|Published Online: September 24, 2015||Free Download|
During the post-war era, the emerging consumer economy radically changed both the discourse and practice of architecture. It was a time where architecture became a mainstream commodity whose products sold through mass media to mass audiences, via images that performed as advertising; a time in which Gordon Cullen (1914-1994) came to be one of Britain’s best-known twentieth-century architectural draftsmen. Cullen rose to the status of the official spokesman of The Architectural Review’s Townscape editorial policy and had a remarkable influence on both professional and lay audiences, and ultimately on the postmodern city. The paper traces Cullen’s influence through the diffusion and reception of his drawings. Using samples of published references and commentaries, it identifies the agents and apparatuses of this diffusion, and the nature and extent of his impact. It shows that Cullen’s sway derived primarily from the escalating tendency of images (or spectacles, in Guy Debord’s terms) to circulate in the mass print media stream, detached from their initial context and ideology. His images were subject to countless supple adaptations that imported both their stylistic traits and embedded modus operandi—the production of postmodern cities primarily through bricolage and montage, or “cut-and-paste” images—post-war consumerist design strategies that are still commonly used.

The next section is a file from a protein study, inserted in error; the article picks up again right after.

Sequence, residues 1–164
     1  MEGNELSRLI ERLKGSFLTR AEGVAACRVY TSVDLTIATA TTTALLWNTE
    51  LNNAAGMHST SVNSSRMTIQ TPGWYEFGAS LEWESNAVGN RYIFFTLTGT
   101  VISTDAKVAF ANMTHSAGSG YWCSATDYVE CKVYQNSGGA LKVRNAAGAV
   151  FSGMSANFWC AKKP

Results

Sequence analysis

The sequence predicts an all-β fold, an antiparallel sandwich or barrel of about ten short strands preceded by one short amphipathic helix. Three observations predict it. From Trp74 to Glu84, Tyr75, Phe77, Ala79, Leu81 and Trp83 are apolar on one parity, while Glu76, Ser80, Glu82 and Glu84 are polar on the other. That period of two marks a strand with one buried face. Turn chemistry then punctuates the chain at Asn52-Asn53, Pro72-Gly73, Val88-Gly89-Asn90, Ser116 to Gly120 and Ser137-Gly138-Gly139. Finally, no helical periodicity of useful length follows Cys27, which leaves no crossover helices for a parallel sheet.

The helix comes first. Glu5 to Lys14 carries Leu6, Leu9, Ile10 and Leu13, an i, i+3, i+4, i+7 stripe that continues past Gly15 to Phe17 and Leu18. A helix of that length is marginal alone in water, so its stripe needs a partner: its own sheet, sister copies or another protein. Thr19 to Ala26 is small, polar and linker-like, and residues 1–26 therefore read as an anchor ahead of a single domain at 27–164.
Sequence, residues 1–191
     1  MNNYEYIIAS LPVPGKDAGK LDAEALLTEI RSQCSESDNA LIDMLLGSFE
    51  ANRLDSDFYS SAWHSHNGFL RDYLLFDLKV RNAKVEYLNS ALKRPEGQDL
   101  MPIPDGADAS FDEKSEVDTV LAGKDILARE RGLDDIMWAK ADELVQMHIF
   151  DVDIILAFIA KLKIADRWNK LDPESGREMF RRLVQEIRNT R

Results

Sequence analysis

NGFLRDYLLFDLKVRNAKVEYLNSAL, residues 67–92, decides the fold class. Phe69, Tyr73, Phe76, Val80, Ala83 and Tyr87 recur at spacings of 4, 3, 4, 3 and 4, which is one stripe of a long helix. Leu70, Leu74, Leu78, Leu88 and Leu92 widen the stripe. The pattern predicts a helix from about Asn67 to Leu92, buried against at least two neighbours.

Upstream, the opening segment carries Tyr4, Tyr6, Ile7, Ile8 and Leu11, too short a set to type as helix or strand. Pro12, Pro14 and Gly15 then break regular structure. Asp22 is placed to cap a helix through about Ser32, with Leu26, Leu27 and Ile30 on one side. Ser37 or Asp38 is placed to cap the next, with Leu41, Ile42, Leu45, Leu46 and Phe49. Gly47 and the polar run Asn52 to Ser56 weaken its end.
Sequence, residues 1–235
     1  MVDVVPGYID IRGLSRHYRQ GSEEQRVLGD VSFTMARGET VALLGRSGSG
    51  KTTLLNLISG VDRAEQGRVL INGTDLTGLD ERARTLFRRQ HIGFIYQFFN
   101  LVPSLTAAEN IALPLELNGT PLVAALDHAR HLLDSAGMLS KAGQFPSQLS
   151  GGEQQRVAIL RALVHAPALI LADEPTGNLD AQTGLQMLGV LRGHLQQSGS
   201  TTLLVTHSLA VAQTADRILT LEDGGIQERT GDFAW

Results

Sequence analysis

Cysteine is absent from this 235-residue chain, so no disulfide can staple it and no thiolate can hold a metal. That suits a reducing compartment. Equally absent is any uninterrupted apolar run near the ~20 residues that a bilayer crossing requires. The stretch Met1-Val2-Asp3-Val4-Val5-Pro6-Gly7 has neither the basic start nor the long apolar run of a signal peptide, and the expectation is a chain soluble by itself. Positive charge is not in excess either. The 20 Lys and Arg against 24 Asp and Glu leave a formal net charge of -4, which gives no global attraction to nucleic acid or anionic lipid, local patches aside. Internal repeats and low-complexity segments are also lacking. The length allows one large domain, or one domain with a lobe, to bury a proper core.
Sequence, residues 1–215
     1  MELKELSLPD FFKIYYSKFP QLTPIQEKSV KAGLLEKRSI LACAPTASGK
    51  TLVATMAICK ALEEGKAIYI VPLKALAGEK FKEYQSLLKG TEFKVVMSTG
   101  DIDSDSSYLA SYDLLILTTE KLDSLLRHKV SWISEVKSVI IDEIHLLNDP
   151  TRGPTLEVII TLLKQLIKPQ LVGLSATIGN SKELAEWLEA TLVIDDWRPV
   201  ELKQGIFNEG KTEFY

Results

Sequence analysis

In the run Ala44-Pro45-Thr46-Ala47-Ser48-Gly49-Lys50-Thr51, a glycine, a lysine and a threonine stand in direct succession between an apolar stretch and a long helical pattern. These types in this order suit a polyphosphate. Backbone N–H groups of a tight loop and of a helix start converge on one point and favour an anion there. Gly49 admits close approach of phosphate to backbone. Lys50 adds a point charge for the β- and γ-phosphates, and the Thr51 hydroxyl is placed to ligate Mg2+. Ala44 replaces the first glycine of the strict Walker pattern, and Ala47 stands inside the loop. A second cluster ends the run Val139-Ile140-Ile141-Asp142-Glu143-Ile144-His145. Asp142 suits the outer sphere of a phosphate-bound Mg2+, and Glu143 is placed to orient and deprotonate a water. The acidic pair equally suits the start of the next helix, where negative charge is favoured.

|Keywords:||Detachable Image, Image Maker, Architecture and the Postmodern City|
The International Journal of Design in Society, Volume 9, Issue 4, December, 2015, pp.31-54. Article: Print (Spiral Bound). Published Online: September 24, 2015 (Article: Electronic (PDF File; 2.132MB)).
Professor, Landscape Architecture and Urban Design, Ames, IA, USA